John Konrad did literally nothing wrongThroughout the game we're shown evidence of grave atrocities committed in the last six months in Dubai, but we are shown very little evidence that Konrad is personally responsible for any of it. My theory: Konrad and the 33rd started trying to keep order through relatively civil, but still martial law. Riggs and his CIA buddies didn't believe this would work, so they began massacring civilians that resisted and blaming it on the 33rd. Riggs isn't afraid the world will learn about KONRAD'S crimes, but his own. Konrad killed himself when he realized that he would be held accountable for the CIA's crimes.
John Konrad is directly related to Joseph Conrad by ancestryWhy then is his name spelled with a K? John decided to legally change the C to a K so that Walker wouldn't get the reference and be Genre Savvy about the themes that the game's story was borrowing from Heart of Darkness and Apocalypse Now. John Conrad was so Genre Savvy that he knew he had to make Walker Wrong Genre Savvy in order to succeed.
John Konrad is actually Captain Willard from the Vietnam WarCaptain Willard stayed with the American Military and eventually ranked up to Colonel, but after many years of service got so depressed from the trauma of having killed Colonel Kurtz so many years earlier that he tried going on many different missions to redeem himself. The events of Spec Ops The Line is just his last in a long line of failures, and now he has gone insane just as Colonel Kurtz, assassinated so many years before, had lost his mind.
The events of Uncharted are a continuation of Walker's delusional fantasyAfter he returned home to America Walker was psychologically evaluated and deemed unfit for duty. Ever since then he has been in a mental hospital imagining the events of the Uncharted series, as Nathan Drake is the idealized version of the action hero. Nathan Drake is basically Indiana Jones, with all the associated genius level knowledge on history, languages, archeology, etc. and cool-headed personality. Add in a little bit of spice from pretty much every action hero from the past 30 or so years and Nathan Drake is the perfect hero, Walker is realizing his fantasy of being a hero behind padded walls. However there is some good news, the ending of Uncharted 3 showed Nathan Drake settling down so this may be symbolic of Walker's hero fantasy settling down as well.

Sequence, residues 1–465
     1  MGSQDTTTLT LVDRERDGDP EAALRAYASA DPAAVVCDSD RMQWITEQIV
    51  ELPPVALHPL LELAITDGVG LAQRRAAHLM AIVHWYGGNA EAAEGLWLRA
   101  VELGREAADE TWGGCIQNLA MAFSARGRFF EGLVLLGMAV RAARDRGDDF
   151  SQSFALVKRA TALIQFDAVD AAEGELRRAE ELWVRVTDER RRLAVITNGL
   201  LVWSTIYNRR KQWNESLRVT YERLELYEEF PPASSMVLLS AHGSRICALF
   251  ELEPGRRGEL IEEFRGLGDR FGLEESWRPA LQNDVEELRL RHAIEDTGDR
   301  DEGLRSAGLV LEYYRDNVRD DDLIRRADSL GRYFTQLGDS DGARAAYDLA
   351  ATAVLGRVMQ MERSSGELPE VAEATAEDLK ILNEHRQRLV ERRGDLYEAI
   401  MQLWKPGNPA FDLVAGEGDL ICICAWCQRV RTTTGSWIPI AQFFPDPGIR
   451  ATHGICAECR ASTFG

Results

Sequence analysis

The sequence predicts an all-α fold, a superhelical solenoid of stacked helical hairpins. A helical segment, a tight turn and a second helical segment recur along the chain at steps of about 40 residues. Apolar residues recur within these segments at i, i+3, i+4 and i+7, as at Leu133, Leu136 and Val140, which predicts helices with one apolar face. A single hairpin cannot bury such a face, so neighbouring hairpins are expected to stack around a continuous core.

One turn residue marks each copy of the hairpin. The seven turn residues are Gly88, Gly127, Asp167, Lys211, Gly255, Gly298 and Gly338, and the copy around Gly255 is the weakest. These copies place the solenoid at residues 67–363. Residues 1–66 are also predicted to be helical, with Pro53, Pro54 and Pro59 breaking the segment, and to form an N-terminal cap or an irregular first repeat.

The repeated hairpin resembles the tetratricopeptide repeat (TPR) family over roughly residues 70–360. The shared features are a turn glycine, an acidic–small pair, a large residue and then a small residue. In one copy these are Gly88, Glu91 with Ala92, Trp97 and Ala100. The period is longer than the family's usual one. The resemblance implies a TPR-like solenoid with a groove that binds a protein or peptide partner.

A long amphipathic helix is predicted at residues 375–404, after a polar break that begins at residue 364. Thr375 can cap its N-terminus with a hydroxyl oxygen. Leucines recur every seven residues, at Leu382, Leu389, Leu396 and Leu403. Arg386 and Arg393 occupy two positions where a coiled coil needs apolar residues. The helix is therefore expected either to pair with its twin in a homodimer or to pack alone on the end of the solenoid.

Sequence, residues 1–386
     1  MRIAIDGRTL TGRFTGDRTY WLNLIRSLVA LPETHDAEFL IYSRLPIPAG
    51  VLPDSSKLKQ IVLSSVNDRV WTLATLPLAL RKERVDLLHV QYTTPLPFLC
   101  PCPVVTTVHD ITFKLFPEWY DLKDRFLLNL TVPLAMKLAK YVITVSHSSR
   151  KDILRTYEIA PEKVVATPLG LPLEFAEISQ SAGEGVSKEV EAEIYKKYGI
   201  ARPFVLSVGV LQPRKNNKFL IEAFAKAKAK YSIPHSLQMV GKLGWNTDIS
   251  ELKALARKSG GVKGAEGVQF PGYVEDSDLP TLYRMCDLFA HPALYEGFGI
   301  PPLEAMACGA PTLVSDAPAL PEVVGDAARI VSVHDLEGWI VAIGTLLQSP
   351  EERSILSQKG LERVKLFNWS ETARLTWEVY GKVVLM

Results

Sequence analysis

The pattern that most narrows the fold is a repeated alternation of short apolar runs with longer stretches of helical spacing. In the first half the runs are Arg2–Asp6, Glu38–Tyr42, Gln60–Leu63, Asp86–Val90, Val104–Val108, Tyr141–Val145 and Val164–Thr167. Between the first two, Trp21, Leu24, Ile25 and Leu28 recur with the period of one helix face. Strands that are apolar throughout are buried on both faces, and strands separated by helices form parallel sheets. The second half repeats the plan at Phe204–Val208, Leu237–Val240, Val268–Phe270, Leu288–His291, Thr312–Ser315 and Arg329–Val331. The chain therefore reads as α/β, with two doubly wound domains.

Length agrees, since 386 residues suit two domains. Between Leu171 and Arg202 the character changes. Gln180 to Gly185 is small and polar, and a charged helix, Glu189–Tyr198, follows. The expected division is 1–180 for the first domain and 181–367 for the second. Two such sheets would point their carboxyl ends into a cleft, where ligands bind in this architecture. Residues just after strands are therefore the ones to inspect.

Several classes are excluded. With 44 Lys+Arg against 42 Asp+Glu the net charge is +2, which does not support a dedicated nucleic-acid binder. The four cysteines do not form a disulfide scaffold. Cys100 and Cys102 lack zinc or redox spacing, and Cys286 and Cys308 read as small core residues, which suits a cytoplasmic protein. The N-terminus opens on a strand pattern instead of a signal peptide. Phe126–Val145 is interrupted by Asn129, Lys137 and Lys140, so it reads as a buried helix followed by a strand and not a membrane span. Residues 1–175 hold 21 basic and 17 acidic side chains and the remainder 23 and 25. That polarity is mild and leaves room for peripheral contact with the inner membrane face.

Alternatively, Walker and Nathan Drake are the same personOfficially speaking Nathan Drake doesn't exist, that is just a name that he chose to call himself. The identity of Captain Martin Walker could very well just be a cover identity he created in the U.S Military, the training of the Delta Force being relatively easy for him to adjust to given his athletic ability and stamina as seen in the Uncharted games, for the sake of cover operations where he needs to pose as a Military Officer. Uncharted 3 exposed Nathan Drake to some very heavy hallucinogens that gave him a bad Mind Screw, I say that the events of Spec Ops The Line is Nathan Drake suffering from dissociative disorder as a result of side effects from the drugs he was exposed to, only at the end of the story where he meets Konrad does the illusion finally shatter and he realizes it is time to go home and go back to being Nathan Drake.
Konrad was present in the story, even if not in the fleshThe representation of Konrad seen by Walker is not a hallucination but rather a ghost. The ghost of Konrad is haunting Walker until he can learn to come to terms with what he has done. Whether Walker decides to become the villain he thought Konrad was or to go home Konrad decides to leave Walker alone after that because he has finally made his choice.
Heavy Troopers are no more durable then regular soldiersThey only seem that way because Walker is missing due to his progressively unhinged nature and is rationalizing it as super human durability. The fact is no nation on earth has that many 8 foot tall soldiers who can absorb multiple direct hits from RPGs. The Heavy shows up frequently in Walker's more obvious hallucinations, culminating in the HaLugoNation. The first heavy also appears in after a horrific white phosphorous bombardment under poor visibility conditions. So rather than absorbing whole clips and multiple grenades, Walker is simply unhinged by something in the Heavy's appearance and can't shoot straight. It's possible that the Afghanistan incident involved an IED and Walker has bad associations with EOD workers. That or it's something we weren't keyed into by the game.